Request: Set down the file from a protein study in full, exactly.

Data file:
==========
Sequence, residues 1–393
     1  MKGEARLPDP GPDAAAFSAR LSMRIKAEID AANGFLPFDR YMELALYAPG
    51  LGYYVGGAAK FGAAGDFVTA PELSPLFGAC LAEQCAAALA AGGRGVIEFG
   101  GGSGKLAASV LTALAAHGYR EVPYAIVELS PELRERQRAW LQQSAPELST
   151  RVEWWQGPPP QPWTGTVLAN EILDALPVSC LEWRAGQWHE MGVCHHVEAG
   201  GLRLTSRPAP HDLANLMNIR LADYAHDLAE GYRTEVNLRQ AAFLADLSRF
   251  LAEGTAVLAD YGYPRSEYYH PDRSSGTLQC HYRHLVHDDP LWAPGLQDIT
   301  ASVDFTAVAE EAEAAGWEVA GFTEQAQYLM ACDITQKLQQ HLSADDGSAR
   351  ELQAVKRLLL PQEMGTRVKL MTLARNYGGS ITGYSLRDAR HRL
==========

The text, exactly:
Sequence, residues 1–393
     1  MKGEARLPDP GPDAAAFSAR LSMRIKAEID AANGFLPFDR YMELALYAPG
    51  LGYYVGGAAK FGAAGDFVTA PELSPLFGAC LAEQCAAALA AGGRGVIEFG
   101  GGSGKLAASV LTALAAHGYR EVPYAIVELS PELRERQRAW LQQSAPELST
   151  RVEWWQGPPP QPWTGTVLAN EILDALPVSC LEWRAGQWHE MGVCHHVEAG
   201  GLRLTSRPAP HDLANLMNIR LADYAHDLAE GYRTEVNLRQ AAFLADLSRF
   251  LAEGTAVLAD YGYPRSEYYH PDRSSGTLQC HYRHLVHDDP LWAPGLQDIT
   301  ASVDFTAVAE EAEAAGWEVA GFTEQAQYLM ACDITQKLQQ HLSADDGSAR
   351  ELQAVKRLLL PQEMGTRVKL MTLARNYGGS ITGYSLRDAR HRL